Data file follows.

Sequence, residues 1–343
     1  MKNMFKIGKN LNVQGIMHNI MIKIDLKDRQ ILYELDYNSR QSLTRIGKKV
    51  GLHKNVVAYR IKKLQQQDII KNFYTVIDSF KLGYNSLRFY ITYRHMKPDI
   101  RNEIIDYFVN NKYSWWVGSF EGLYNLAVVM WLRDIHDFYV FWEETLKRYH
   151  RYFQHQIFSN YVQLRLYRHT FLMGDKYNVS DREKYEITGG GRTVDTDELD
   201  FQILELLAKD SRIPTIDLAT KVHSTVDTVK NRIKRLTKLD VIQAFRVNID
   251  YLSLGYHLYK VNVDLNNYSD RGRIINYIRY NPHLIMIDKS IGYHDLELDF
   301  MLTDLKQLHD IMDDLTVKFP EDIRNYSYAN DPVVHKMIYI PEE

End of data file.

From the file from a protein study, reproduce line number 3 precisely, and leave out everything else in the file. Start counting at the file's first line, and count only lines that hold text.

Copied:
    51  GLHKNVVAYR IKKLQQQDII KNFYTVIDSF KLGYNSLRFY ITYRHMKPDI